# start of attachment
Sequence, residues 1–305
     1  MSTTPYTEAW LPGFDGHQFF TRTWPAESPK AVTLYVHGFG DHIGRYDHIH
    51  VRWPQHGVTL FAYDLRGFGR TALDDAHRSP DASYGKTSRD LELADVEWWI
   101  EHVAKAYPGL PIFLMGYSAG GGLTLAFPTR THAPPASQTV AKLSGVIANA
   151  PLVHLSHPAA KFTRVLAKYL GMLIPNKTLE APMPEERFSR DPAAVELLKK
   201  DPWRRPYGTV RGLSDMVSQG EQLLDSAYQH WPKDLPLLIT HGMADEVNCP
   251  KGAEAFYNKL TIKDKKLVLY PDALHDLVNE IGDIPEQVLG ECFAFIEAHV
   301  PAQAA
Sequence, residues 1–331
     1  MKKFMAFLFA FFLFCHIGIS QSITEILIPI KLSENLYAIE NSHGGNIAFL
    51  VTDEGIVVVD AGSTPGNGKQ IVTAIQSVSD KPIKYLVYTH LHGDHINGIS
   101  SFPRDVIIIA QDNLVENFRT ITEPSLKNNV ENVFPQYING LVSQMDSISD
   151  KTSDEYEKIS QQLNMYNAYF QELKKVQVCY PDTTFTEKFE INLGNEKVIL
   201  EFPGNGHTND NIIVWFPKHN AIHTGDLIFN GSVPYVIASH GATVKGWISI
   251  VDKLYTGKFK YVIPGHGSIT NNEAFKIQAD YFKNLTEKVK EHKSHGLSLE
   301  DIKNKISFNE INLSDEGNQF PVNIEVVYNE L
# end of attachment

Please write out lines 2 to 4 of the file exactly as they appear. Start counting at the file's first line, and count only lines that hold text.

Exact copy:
     1  MSTTPYTEAW LPGFDGHQFF TRTWPAESPK AVTLYVHGFG DHIGRYDHIH
    51  VRWPQHGVTL FAYDLRGFGR TALDDAHRSP DASYGKTSRD LELADVEWWI
   101  EHVAKAYPGL PIFLMGYSAG GGLTLAFPTR THAPPASQTV AKLSGVIANA